We were also told by Marketing Director Steve Chrypinsky that we were prohibited from being a sponsor because we were “political” and this would violate a guideline that stated: “No announcements will be aired on behalf of political organizations, political candidates or their committees, or that express a view on issues of public importance or interest or religious belief.”
When we noted that we are not a political organization, he pointed out the final clause: “…or that express a view on issues of public importance or interest or religious belief.”
(Incidentally, these Michigan Radio guidelines differ from NPR guidelines, which make it clear the prohibition refers only to the content of the spot itself, not whether or not an organization expresses views.)
Again, we pointed out that there are a number of Michigan Radio sponsors who express views on issues of public interest; some even have entire segments of their websites that specifically focus on legislation.
In other words, Michigan Radio has applied to us a standard that it didn’t apply to such others as the Nature Conservancy, the ACLU of Michigan, the Michigan Education Association, and the Jewish Federation of Detroit, which advocates for Israel, to name just a few of the Michigan Radio sponsors who espouse views on issues and even, in some cases, specifically discuss legislation.
To make matters worse, Michigan Radio management then misled the public about this double standard and unethical behavior, giving members of the public an entirely different, and untrue, purported rationale for refusing to run our spots.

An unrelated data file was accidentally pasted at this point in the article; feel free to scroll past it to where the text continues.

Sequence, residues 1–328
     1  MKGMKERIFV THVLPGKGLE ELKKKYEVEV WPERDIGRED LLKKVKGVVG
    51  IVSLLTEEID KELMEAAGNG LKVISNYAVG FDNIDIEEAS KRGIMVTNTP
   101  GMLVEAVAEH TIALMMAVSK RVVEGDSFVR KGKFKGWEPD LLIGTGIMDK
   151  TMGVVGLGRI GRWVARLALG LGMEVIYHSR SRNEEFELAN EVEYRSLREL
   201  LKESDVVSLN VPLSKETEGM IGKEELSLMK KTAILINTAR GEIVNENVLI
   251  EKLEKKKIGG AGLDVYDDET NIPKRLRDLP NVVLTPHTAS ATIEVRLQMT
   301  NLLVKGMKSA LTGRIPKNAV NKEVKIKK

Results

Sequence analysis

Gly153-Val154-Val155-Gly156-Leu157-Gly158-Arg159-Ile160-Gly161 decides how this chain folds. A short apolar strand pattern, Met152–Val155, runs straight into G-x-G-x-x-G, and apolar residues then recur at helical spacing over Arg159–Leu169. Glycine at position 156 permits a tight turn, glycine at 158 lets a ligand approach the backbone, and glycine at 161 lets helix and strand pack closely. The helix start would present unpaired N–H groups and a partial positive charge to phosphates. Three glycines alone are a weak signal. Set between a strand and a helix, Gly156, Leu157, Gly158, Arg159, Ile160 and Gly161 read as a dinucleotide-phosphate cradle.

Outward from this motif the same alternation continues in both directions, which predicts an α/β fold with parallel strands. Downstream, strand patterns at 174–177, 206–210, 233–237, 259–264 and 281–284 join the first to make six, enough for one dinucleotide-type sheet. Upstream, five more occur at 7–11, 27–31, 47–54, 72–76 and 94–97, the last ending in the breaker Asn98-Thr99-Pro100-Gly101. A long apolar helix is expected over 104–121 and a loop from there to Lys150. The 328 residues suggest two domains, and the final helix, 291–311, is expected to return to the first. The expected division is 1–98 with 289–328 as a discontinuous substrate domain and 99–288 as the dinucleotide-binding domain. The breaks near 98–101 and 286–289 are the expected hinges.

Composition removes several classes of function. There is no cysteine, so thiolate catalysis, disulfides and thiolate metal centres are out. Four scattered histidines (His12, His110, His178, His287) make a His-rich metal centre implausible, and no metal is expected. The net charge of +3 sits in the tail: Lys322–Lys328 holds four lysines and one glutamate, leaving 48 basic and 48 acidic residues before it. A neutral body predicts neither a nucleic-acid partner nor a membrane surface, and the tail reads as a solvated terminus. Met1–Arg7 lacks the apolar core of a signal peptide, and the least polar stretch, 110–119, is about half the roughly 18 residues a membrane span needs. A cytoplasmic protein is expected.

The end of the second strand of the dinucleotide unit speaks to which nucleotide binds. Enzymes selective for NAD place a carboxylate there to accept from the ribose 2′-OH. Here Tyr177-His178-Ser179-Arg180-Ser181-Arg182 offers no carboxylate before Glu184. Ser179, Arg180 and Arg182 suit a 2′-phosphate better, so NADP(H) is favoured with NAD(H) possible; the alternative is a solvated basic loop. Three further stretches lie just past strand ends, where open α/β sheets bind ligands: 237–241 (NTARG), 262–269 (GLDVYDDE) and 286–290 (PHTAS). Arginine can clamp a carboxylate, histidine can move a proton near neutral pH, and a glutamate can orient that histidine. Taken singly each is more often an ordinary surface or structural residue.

If Michigan Radio has any commitment to accuracy and ethical behavior, it will now correct this erroneous email, by
(1) informing all recipients of its inaccurate information that the communication from Mr. Jonas was erroneous,
(2) by admitting the true rationale on which station officials had decided not to run our spots, and
(3) by apologizing to the public and to If Americans Knew for its actions.(4) Finally, most important of all, Michigan Radio will now undertake an internal investigation to determine
- why a different standard was applied to If Americans Knew than to other nonprofit organizations,
- why management directed staff members over many months not to communicate with If Americans Knew concerning a sponsorship,
- why only public pressure was able to force Michigan Radio management to speak with If Americans Knew,
- whether the fact that If Americans Knew provides information to the public about Israel-Palestine played a role in Michigan Radio’s mishandling of this situation, and
- whether personal connections to or biases regarding Israel among individuals concerned with Michigan Radio interfered with Michigan Radio's normal relations with the public and the fulfillment of its journalistic duties as a public trust.
As a licensee of the public airwaves, as a publicly funded organization, and as a journalistic institution, Michigan Radio has legal, ethical, and constitutional responsibilities. It needs to fulfill them.